The week ahead (19–26 June)

19 June–14 July: The four-week 53rd session of the Human Rights Council is ongoing in Geneva and online. What to watch for:

  • 3 July: A panel discussion on the role of digital, media, and information literacy in the promotion and enjoyment of the right to freedom of opinion and expression (HRC res. 50/15)
  • 6 July: A discussion on the report on the relationship between human rights and technical standard-setting processes for new and emerging digital technologies and the practical application of the Guiding Principles on Business and Human Rights (A/HRC/53/42)

Dates may change. Consult the agenda and the latest programme of work. Refer also to the Universal Rights Group’s The Inside Track covering HRC53.

29 June: The EU’s new Regulation on Markets in Crypto-assets, also known as the MiCA regulation, enters into effect today (and will start applying from December 2024). It will regulate crypto-asset issuers and service providers at the EU level for the first time.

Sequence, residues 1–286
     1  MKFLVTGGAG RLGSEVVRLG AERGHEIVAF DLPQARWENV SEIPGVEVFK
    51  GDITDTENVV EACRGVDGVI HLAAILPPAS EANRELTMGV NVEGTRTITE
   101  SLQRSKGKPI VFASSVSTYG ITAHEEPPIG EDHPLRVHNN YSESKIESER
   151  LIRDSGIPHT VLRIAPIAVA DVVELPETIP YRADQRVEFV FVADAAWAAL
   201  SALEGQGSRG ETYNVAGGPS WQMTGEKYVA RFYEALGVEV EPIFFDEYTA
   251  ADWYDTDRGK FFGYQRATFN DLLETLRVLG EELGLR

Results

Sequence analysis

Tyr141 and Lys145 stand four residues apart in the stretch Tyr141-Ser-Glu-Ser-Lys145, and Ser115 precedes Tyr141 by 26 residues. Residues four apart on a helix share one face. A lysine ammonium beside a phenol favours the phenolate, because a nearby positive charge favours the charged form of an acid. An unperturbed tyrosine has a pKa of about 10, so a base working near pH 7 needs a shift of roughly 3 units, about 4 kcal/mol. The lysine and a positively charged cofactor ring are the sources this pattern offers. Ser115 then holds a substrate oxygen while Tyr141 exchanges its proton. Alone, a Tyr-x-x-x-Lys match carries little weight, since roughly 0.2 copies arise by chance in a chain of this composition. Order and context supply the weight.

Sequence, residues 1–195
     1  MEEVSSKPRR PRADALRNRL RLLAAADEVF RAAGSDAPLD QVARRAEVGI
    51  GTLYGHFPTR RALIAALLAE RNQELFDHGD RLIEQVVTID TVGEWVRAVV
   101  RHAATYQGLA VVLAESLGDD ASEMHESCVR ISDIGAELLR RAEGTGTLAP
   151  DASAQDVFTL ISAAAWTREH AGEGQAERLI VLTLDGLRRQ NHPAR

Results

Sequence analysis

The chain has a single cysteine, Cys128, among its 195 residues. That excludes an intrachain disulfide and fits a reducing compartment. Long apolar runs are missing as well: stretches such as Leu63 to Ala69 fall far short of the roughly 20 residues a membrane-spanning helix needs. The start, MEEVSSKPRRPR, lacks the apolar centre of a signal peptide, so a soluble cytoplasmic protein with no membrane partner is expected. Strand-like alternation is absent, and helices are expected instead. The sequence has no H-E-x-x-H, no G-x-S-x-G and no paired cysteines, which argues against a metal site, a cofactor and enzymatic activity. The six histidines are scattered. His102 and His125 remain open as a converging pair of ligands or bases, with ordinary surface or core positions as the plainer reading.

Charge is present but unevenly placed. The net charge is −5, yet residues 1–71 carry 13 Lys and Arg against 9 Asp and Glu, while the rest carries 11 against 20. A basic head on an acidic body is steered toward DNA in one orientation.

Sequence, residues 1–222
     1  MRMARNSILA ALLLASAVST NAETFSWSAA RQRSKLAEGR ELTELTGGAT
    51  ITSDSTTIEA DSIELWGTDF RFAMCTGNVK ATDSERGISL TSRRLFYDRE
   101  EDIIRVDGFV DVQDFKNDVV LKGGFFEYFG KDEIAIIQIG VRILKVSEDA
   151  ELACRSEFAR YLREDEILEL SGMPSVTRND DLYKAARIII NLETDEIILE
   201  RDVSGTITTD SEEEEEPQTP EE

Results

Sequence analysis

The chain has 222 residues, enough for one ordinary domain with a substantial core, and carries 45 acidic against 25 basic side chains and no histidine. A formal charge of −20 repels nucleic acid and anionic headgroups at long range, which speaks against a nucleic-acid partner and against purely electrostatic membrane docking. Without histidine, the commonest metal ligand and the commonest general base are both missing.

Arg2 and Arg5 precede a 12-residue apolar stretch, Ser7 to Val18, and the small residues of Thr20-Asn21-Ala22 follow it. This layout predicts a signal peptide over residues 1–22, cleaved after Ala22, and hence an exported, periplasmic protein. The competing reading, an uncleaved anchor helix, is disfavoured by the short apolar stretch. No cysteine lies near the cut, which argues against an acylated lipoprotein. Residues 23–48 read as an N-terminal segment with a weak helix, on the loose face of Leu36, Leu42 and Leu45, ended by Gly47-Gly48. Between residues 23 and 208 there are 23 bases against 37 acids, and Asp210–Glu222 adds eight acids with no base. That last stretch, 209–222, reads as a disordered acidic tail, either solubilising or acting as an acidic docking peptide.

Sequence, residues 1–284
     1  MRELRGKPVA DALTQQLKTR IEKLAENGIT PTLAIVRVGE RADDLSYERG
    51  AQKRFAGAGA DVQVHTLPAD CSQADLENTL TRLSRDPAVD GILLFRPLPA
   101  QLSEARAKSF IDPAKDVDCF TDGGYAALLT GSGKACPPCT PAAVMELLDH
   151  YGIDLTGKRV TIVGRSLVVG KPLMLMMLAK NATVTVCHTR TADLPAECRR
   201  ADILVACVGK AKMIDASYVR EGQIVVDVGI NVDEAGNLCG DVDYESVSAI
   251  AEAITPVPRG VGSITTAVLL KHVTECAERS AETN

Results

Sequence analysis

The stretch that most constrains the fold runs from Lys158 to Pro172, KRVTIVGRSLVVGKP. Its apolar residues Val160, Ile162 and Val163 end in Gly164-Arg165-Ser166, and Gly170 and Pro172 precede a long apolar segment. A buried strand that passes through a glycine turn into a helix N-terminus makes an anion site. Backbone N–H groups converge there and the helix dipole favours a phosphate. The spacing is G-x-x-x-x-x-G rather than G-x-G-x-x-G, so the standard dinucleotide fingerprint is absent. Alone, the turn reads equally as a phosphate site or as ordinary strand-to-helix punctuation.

1 July: Spain takes up the presidency of the EU Council; a new trio of rotating chairs (Spain-Belgium-Hungary) starts today till the end of 2024. The next elections will be held during Belgium’s presidency.

For more events, bookmark the Digital Watch Observatory’s calendar of global policy events.

 Sphere, Astronomy, Outer Space, Planet, Globe

An atlas on SDGs

Where do countries stand in their goals to achieve the 2030 Agenda? The World Bank’s 2023 Atlas of Sustainable Development Goals tells us how far countries have come – and what more needs to be done. It draws from the World Bank’s database of indicators and multiple other sources. 

SDG practitioners will be happy to learn that the visualisations, together with all the data and code can be downloaded and used for similar purposes.

Stephanie Borg Psaila – Author
Director of Digital Policy, DiploFoundation

Virginia Paque – Editor
Senior editor – Digital Policy, DiploFoundation